- James Mather, Stephen St Leger
- Guy Pearce, Maggie Grace, Joseph Gilgun
- Entertainment In Video
- Running Time:
- 95 mins
The film that Lockout could have beenâ€¦
Genre Cinema faces a dearth of genuine originality. Even Prometheus, arguably the most ambitious sci-fi flick in recent memory, is born of a 30-year old franchise. As if to hammer home this point, along comes Lockout, home to a whole spate of obvious influences that are skewered and deflated by a lack of a commanding personal touch.
The plot lends itself to this lack of ambition, proceeding as follows: gruff anti-hero (Guy Pearce) gets framed; philanthropic presidentâ€™s daughter (Maggie Grace) visits â€˜escape-proofâ€™ space prison; prisoners escape from â€˜escape-proofâ€™ prison; girl gets kidnapped; anti-hero gets sent to rescue her; duly does so; anti-hero and girl squabbleâ€¦ you get the idea.
Lockoutâ€™s willingness to be game for a laugh is endearing in the right circumstances, but it doesnâ€™t serve to add any much-needed credence to the supposedly high stakes, with this inherent theatricality meaning that itâ€™s hard to take anything seriously, especially when the film itself doesnâ€™t seem all that concerned about offering anything new to the genre.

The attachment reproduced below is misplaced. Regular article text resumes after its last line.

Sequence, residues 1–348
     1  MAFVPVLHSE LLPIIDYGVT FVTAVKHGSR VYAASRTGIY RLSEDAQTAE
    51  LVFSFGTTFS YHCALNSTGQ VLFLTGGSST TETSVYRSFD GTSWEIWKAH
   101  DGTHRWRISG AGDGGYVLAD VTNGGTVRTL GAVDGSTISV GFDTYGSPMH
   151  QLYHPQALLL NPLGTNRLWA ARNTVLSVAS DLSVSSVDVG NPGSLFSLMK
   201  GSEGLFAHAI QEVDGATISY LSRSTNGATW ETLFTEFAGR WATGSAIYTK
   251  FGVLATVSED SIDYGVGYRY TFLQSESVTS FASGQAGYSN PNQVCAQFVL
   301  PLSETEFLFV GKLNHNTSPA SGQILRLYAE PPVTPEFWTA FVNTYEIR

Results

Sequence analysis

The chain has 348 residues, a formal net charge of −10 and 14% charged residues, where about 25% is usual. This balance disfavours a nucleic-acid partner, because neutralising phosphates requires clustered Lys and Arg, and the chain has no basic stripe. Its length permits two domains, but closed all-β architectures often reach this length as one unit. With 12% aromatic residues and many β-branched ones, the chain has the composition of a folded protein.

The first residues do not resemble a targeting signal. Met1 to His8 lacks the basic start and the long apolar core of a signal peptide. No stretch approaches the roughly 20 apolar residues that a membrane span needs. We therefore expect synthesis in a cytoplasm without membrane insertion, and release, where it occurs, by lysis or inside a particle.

Even so, faced with a skeleton plot the talent involved bust a gut. Pearceâ€™s performance alone is nearly enough to redeem this feature for its faults, playing mercenary Snow with a gruff nonchalance that makes him instantly endearing. Similarly, antagonist Joseph Gilgun, so long sidelined on TV in the likes of Emmerdale and Misfits, explodes onto the big screen, turning otherwise one-note psychopath Rydell into a twitching, terrifying time-bomb.
It will be interesting to see how he does in future roles that arenâ€™t simply plot devices. Even Grace, despite essentially reprising her â€˜kidnapped rich girlâ€™ role from Taken, bounces off Pearce for some of the best dialogue in the film â€“ not that thereâ€™s much competition in this regard.
Itâ€™s the fact that the cast clearly give a damn that makes Lockoutâ€™s drawbacks â€“ notably the borderline incomprehensible final third and some truly awful CGI â€“ so hard to stomach. It half-heartedly attempts to emulate the charm of the likes of John Carpenterâ€™s Escape From New York, but under-reaches to the extent that it lands closer to The Fifth Element, minus the camp charm.